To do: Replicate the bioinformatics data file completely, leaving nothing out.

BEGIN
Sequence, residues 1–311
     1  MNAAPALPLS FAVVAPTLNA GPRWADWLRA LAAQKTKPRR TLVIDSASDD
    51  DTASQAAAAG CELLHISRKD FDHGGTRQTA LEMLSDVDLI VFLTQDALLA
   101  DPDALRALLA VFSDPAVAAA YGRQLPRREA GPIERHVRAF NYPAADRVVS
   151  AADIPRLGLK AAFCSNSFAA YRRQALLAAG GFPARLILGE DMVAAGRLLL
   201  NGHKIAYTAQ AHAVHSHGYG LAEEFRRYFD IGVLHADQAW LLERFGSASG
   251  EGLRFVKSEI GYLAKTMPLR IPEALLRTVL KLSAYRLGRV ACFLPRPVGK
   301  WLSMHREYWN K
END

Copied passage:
Sequence, residues 1–311
     1  MNAAPALPLS FAVVAPTLNA GPRWADWLRA LAAQKTKPRR TLVIDSASDD
    51  DTASQAAAAG CELLHISRKD FDHGGTRQTA LEMLSDVDLI VFLTQDALLA
   101  DPDALRALLA VFSDPAVAAA YGRQLPRREA GPIERHVRAF NYPAADRVVS
   151  AADIPRLGLK AAFCSNSFAA YRRQALLAAG GFPARLILGE DMVAAGRLLL
   201  NGHKIAYTAQ AHAVHSHGYG LAEEFRRYFD IGVLHADQAW LLERFGSASG
   251  EGLRFVKSEI GYLAKTMPLR IPEALLRTVL KLSAYRLGRV ACFLPRPVGK
   301  WLSMHREYWN K